Thanks, Dave. As you say, that works reasonably well for ESV. I didn't know you could type words into the code, thus opening up more options. Where does one get this sort of information?
    Posted to Logos 5 by Bruce Prince on Sat, Nov 23 2013
  • Visual Filters - Morthology

    I want to set up a morphology VF that highlights in the ESV all instances where a noun is suffixed by a pronoun in a construct relationship. For example, in Psalm 72.19 I would expect 'glory' (the X part of the relationship) to be highlighted, and the following Hebrew word is 'his' (the Y part of the relationship). The options available to do a search
    Posted to Logos 5 by Bruce Prince on Fri, Nov 22 2013
  • Re: Visual Filters - Morphology - Common Nouns with Def. Article

    I think you're right, Vincent. I shortened it to @NC??C and that seems to sort of work.
    Posted to Logos 5 by Bruce Prince on Fri, Nov 22 2013
  • Re: Visual Filters - Morphology - Common Nouns with Def. Article

    Thanks again, Mark. I've managed to get the visual filter going on that. Now, I'm trying to set one, and maybe I should open up a new title because this one dealt with the definite article. I'll title the new message as "Visual Filter - Morphology" to keep it general.
    Posted to Logos 5 by Bruce Prince on Fri, Nov 22 2013
  • Re: Visual Filters - Morphology - Common Nouns with Def. Article

    Thanks Mark for you quick response. When I go to Job 1.20, I can't see any definite articles in that verse, and there isn't any word or words that are highlighted, so it's not working there either. What I'm trying to do is to highlight in the ESV, in orange, common nouns in the Hebrew, that are preceded by the article.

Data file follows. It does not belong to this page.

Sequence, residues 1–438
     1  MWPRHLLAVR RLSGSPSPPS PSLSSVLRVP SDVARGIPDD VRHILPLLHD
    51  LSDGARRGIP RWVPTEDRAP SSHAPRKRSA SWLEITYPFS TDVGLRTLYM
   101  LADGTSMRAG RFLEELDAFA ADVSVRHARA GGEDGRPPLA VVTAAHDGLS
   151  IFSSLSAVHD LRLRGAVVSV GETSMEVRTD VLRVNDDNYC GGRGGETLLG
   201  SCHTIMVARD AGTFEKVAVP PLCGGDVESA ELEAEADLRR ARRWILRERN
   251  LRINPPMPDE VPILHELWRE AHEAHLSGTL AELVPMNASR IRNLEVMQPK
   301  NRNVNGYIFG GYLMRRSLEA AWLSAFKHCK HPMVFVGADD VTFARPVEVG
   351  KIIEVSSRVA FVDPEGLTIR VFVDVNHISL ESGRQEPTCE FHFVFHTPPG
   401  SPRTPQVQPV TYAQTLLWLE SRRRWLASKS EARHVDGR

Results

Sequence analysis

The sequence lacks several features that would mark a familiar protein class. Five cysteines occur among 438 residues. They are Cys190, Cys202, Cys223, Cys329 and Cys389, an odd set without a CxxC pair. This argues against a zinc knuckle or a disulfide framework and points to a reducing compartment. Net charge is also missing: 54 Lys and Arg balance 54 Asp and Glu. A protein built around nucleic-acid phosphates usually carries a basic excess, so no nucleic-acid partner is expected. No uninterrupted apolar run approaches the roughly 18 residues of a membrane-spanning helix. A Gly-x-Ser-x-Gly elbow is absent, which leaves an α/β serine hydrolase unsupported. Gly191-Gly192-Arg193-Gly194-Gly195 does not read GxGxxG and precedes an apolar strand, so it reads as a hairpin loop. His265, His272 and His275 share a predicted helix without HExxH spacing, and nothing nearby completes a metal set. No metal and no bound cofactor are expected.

Posted to Logos 5 by Bruce Prince on Wed, Nov 20 2013
  • Visual Filters - Morphology - Common Nouns with Def. Article

    I want to highlight all the common nouns in the ESV Hebrew Scriptures with the definite article. I've set it up, but I'm not getting any highlighting. I clicked on the little visual filter bubble thing and the highlighting box is ticked. I've attached a screen shot; I hope it shows up. The setup is: All Morph Text in All Passages in ESV with Logos Hebrew
    Posted to Logos 5 by Bruce Prince on Tue, Nov 19 2013
  • Re: Was Jonah's Heart "far from God"?

    Thanks again, David. Your comments are both interesting and informative. I referenced the G-H hermeneutics principle simply because, to my knowledge, it is the best available, although you are correct in saying the "historical" aspect can lead to wrong conclusions. On the other hand, it can also lead to correct interpretation. For example, many commentators
    Posted to General by Bruce Prince on Wed, Mar 6 2013
  • Re: Was Jonah's Heart "far from God"?

    Thanks, David for your input. I'm afraid I don't know the meaning of your terms in your second sentence, but it is interesting that you say that I am approaching this matter from a subjective point of view. Although it is difficult to interpret Scripture from an entirely objective perspective, even when using time-honoured hermeneutics (such as grammatical
    Posted to General by Bruce Prince on Wed, Mar 6 2013